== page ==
Trash or treasure?
The internet makes it easier for discarded stuff to land in someone else's home instead of the dump.
Roxy Jacenko and daughter Pixie (centre) at Mercedes-Benz Fashion Week Australia in 2016. Pixie’s Instagram account has more than 100,000 followers and she has a signature line of hair bows.
A growing number of parents are making money out of their children by turning them into social media celebrities. But the chimera of corporate branding is no antidote for lives lived in precarious times.
Do you distrust the companies that profit from the goods and services you buy? Research suggests most of us do.
Research shows that consumers don't like it when businesses make money. Why?
Research indicates that up to a third of all food is wasted – but also shows that anti-waste campaigns frequently backfire.
Research shows that campaigns that try to make consumers feel guilty about the amount they waste often make things worse, not better. A new study poins the way to more effective anti-waste campaigns.
Having the right rucksack matters in the playground.
Consumerism is entering the playground and placing further pressure on already stretched parents.
Some young people are getting into credit card debt to achieve the ideal lives they see portrayed on social media.
When young adults create and share online content focused on consumer products, it can trigger a social comparison process that results in feelings of inferiority and low self-esteem.
The socialist traffic symbol Ampelmann, seen here in Berlin, constitutes an international brand empire. In the age of mass consumerism, what’s behind a nostalgia for socialist symbols and the sugarcoating of socialist regimes?
In the age of rampant consumerism, there is nonetheless an odd nostalgia for socialist regimes and symbols. What does it mean?
A man browsing the shoe department in a shopping centre. Can he really afford new shoes, and does he really need them?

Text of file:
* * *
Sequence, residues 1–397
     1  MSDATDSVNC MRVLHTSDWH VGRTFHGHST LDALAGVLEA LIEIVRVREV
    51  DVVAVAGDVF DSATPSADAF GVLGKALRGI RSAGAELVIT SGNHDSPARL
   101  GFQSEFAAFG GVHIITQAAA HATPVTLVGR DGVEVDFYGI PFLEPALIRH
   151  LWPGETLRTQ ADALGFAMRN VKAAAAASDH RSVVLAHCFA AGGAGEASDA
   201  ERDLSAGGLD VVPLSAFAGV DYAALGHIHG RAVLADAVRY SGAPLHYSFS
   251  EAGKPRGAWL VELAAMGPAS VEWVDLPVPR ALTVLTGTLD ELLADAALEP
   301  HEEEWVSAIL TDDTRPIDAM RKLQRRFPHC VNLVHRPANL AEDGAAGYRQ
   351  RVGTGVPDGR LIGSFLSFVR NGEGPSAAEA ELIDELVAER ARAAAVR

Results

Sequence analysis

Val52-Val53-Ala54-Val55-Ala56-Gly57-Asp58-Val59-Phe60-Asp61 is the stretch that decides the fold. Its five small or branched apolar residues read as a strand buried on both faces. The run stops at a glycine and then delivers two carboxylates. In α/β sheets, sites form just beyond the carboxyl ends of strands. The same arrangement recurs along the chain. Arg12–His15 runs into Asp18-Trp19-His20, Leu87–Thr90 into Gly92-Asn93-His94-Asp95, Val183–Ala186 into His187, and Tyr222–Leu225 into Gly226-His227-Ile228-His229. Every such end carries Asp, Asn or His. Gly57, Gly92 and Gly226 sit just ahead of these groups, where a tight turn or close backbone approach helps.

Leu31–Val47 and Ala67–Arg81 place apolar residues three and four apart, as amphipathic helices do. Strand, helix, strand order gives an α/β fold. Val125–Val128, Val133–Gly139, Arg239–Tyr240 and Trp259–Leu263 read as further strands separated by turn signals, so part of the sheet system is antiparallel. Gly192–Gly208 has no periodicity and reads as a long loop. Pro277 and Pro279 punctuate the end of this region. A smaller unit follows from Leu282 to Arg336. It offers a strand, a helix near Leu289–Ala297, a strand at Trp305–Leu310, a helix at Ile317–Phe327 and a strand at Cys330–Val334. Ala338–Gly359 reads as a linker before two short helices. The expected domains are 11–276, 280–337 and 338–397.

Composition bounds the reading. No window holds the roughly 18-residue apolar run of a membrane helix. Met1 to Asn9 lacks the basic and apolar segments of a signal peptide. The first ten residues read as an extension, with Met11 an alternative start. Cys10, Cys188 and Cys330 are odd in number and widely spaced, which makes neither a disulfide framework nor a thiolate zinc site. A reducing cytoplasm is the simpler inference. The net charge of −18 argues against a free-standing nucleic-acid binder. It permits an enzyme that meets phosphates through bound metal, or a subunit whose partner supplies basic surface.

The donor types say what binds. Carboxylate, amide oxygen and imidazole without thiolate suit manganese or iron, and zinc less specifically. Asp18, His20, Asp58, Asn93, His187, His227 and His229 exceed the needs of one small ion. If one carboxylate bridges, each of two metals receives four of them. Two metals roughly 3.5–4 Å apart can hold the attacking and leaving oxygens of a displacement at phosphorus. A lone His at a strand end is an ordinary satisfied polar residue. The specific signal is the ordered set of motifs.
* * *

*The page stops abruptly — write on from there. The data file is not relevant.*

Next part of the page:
Under some circumstances, people may feel wealthier than they actually are and this makes them psychologically more prone to increase their spending, as well as their borrowing.
A short history of Easter egg economics.
New technologies are invading fashion boutiques.
To survive the crisis, fashion companies are relying on new technologies. New players, new customer experience, big data – the whole sector is changing.
Queer Eye has made some strides. In this new version, the producers have addressed broader issues of gender, race, religion and politics than before. However, the show as before, showcases consumerism as the way to a better life.
The new Queer Eye has viewers hooked on its emotional ride through men's lives, aiming to embrace diversity and counter toxic masculinity. Yet its focus on consumerism threatens its lofty ideals.
Living alongside humans gets noisier all the time.
From the oil that makes your petrol, to car parts, to the groceries and other things in your weekly shop, retail consumerism is driving a boom in the amount of noise in the world's oceans.
The Choose Love pop-up store in London set up to help refugees.
Materialism has an ugly face but it is here to stay. Rather than focusing efforts to diminish it we should utilise materialism to benefit wider society.
If you find help messages from factory and delivery workers in your presents this season, how should you respond?
Simple living in a complex time – is a return to frugality the key to happiness?
William Isdale speaks with Emrys Westacott about how living simply can bring happiness in an increasingly complex world.
Closed on November 24.
On Black Friday, November 24, outdoor retailer REI will close its stores and urge customers to #OptOutside. But a historian calls this popular campaign light green environmentalism at best.
“That strange desire to spend money we don’t have to buy things we don’t need.”
A new book about what we consume and what it is doing to us raises lots of good points, but lacks a little on the ‘what is to be done’ question.
One happy customer.
EPA-EFE/Koen van Weel
Why do so many people queue overnight (or longer) for an over-priced, at best incrementally-changed gadget?
Our behaviour is far more selfish than we might like to believe.
What if you had somewhere quick and easy to put food waste, instead of being blamed for wasting it?
New research shows most people try to shop and cook carefully – the real problem with food waste is infrastructure.